Football: Fifa report rates Australia-NZ bid best of three for 2023 women’s World Cup

The United States beat the Netherlands during the 2019 women's World Cup in France.
The United States beat the Netherlands during the 2019 women's World Cup in France.PHOTO: REUTERS

MANCHESTER (REUTERS) - Fifa has rated the joint Australia-New Zealand bid for the 2023 Women’s World Cup as the best to host the tournament.

The world football governing body said in a statement on Wednesday (June 10) that it had received official "bid books" from three contenders - Colombia, Japan and a joint New Zealand-Australia bid. It will decide on which of the bids during an online meeting of its ruling council on June 25.

The organisation’s bid evaluation report gave the Australia-New Zealand bid an average score of 4.1 out of 5, with Japan on 3.9 and Colombia 2.8.

Brazil withdrew its candidacy on Monday, saying the government did not consider it wise to offer financial guarantees in the midst of the coronavirus pandemic.

The 2019 tournament in France broke records in terms of television audiences and was seen as the most high-profile edition so far, with the United States beating the Netherlands for their fourth title.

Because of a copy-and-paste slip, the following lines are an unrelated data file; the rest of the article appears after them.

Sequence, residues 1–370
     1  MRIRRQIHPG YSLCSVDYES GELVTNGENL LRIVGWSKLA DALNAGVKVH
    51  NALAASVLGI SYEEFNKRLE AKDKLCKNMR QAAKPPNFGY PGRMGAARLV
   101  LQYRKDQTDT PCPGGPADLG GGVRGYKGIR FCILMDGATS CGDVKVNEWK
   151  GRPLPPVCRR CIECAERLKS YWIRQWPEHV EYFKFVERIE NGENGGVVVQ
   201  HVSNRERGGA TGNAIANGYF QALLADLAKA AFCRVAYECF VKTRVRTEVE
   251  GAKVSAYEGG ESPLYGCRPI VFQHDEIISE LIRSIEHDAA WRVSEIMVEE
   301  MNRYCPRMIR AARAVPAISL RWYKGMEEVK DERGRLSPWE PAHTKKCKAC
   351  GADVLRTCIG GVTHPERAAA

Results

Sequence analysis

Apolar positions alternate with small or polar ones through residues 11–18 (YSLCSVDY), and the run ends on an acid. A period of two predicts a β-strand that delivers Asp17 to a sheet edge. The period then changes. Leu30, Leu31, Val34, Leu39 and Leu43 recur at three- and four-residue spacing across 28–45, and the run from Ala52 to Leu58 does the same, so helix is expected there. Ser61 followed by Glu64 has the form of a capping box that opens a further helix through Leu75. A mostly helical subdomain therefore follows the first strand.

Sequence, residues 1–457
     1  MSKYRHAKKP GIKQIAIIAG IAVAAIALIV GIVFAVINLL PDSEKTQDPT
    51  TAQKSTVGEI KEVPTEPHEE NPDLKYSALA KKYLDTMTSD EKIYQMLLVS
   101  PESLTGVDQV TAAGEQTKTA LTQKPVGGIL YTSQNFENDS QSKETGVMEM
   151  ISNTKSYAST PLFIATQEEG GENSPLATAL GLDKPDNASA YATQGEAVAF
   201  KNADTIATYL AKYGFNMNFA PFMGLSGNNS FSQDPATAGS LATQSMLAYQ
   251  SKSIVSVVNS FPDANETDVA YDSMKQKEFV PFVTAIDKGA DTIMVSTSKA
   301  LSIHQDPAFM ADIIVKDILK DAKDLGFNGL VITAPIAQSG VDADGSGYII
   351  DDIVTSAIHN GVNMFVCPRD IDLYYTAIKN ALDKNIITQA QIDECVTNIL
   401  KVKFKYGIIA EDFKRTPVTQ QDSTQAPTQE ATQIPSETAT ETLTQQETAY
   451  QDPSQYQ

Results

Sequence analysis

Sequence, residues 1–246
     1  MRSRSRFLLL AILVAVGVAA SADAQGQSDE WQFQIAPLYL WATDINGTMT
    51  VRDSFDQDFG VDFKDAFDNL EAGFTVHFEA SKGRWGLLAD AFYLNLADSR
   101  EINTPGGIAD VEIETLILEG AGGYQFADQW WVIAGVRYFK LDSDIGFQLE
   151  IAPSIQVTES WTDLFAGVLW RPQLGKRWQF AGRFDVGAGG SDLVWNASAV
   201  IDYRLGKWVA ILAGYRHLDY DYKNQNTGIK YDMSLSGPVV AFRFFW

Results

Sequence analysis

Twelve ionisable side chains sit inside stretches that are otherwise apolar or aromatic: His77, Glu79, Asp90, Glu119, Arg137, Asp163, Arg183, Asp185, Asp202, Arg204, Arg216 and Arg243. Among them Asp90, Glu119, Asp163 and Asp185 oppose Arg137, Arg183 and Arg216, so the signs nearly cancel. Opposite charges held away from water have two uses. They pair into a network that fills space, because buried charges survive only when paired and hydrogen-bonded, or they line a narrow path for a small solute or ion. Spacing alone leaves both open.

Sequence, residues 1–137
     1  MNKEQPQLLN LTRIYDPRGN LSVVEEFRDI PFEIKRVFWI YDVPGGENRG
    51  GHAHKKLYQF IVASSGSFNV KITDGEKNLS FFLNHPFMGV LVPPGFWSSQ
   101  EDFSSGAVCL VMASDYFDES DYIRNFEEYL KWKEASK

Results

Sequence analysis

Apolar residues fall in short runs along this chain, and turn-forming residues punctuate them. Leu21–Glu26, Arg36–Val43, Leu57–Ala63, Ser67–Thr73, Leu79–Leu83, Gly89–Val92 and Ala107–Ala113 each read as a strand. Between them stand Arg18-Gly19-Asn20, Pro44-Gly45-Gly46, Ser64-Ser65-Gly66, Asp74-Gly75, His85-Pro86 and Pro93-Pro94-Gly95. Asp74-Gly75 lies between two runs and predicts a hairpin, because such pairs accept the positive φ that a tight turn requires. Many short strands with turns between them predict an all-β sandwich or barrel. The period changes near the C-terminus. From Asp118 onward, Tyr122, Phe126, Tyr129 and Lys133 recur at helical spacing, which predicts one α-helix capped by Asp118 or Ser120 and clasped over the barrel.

"The quality of the bids is testimony to the tremendous momentum women's football has generated and we are looking forward to building on this to take women's football to the next level at the Fifa Women's World Cup 2023," said Fifa secretary-general Fatma Samoura.

 

The bid evaluation report said all three proposals met the requirements but questioned whether the Colombian bid had the necessary financial backing.

It said that Colombia would need “a significant amount of investment and support from both local stakeholders and Fifa in order to elevate organisational conditions to those of the other two bids.

“Based on the documentation submitted and the information provided, it is not clear if this level of investment will be available”.

The report said the Australia-New Zealand bid appeared to “present the most commercially favourable proposition”.

Japan’s bid was praised for the quality of venues and infrastructure along with the ability to attract television audiences across Asia.